Just another reminder to look beyond the headlines. And don’t co-invest with someone who has no ability just because you went to the same school, are the same ethnicity, or once worked together.
When the JOBS Act was finalized, one of the rule changes that had a lot of fanfare around it was the increase in the number of shareholders a private company could have. Prior to the JOBS Act, it was 500, after which point the company had to register and report to the SEC just like it was a public company (even if it hadn’t gone public.) This was a major issue for many fast growing companies that either went through strange contortions not to have 500 investors, or filed with the SEC to get no-action letters. There were plenty of nuances around this rule and I was in the middle of several situations that structured around it legally. Each time it was a lot of overhead for the company in question, none of which added anything to the system except fees to the lawyers.
Lifting the number of investors to 2000 seemed to make sense. In the situations I was involved in it would have immediately solved the specific problem. So that’s good.
But ever since we started working with AngelList on FG Angels, we’ve been wrestling with something called we’ve been referring to as the 99 Investor Problem. We structure our investment in companies via an LLC that has all the individual FG Angels syndicate members in it. This simplifies life for the company as they only end up with 1 investor – the FG Angels syndicate LCC – rather than a bunch of individual investors. At this point we have 217 backers in our syndicate, so with us each company would end up having 218 separate investors if we didn’t use the LLC.
If everyone was on the cap table, the company would have to chase down 218 signatures for everything. Instead, using our approach, they have effectively two investors – our FG Angels syndicate (one investor) and Foundry Group (another investor). Two signatures. Much easier. We handle the Foundry Group signature. AngelList handles the syndicate signature.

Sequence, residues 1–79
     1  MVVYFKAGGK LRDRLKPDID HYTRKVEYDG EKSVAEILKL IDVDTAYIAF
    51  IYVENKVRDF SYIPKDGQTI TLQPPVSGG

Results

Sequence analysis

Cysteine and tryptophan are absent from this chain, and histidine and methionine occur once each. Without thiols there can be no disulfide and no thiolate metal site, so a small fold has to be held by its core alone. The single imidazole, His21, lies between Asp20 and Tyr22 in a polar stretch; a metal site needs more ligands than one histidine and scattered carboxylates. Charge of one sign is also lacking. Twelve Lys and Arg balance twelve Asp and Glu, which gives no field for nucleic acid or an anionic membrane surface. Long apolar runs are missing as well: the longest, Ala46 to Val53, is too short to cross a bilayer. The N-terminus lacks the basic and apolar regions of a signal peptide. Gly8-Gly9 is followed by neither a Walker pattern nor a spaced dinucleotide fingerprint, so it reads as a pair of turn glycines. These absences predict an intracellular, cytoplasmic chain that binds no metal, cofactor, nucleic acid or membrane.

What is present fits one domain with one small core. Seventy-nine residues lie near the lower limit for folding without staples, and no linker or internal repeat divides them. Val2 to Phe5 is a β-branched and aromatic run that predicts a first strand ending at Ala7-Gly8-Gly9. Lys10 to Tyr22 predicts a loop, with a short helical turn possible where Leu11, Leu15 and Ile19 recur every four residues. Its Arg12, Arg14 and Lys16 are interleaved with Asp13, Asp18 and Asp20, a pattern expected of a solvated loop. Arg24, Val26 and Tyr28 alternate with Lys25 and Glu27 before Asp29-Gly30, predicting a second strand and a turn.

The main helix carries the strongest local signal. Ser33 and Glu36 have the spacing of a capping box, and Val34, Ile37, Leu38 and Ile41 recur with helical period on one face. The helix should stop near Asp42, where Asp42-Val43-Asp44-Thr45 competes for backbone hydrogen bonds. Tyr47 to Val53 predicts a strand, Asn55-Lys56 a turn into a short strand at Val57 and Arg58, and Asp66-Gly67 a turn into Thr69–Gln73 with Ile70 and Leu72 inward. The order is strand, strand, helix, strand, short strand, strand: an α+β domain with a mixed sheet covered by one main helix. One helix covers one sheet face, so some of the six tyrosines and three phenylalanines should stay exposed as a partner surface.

Except it doesn’t work that way. The SEC limits an LLC to having 99 investors. So we can only have 99 of the 217 syndicate members participate. Now, there’s a nuance that excludes “qualified purchasers” (QPs) – individuals with $5M in assets and firms with $25M in assets – from the 99 investor count. Overall our QPs + the top 99 investors in our syndicate represent $321,000 based on committed amounts to FG Angels. If you include the balance of the 237 members, we end up at a syndicate of $439,000. The company then gets our commitment of $50,000 on top of that.
As a result of this 99 investor limitation, we have two disappointing problems. First, we have over 100 investors who would like to invest in our syndicate with us who get excluded because of the 99 investor rule. Next, there is $118,000 per investment that we’d like to include in each syndicate that the companies we are investing in won’t get. Bad for the companies and bad for the investor.
We’ve spent lots of time over the past 60 days trying to solve the 99 investor problem. At this point, we’ve run into a dead end. We’ve tried multiple LLCs – that doesn’t work as they end up getting viewed as a single entity. We’ve tried other structures – that doesn’t work. We’re certainly open to ideas at this point.
In the mean time, until we solve this, AngelList is making the following changes to their Syndicates product.
- Qualified Purchasers: AngelList will include all Qualified Purchasers (individuals with $5M in assets and firms with $25M in assets) in each syndicated deal as they are exempt from the SEC’s 99-investor limit. We will soon email your backers to determine if they are Qualified Purchasers (QPs) and we will update your syndicate management interface to indicate the QPs.
- Top 99 Backers: The next time you syndicate a deal, we will include all QPs and the top 99 non-QPs by commitment amount. You can override this default to include specific backers who are not in the top 99. The top 99 backers will change dynamically as backers adjust their backing amounts.
- Funds: We are working on new funds products to allow additional investors who are not in your top 99 backers or QPs to participate in your syndicated deals.
- Notifying Backers: Finally, we will notify your backers of the SEC’s 99-investor restriction this week and give them the opportunity to change their backing amounts.
We are bummed about this because part of our goal is to build a very large angel network as a result of the FG Angels activity. The 99 investor rule directly undermines this, and limits the amount of investment and support for the companies we are investing in. It’s another example of the challenges of the JOBS Act and another discovery on our part of the “miss” between the goal of the new law and the implementation.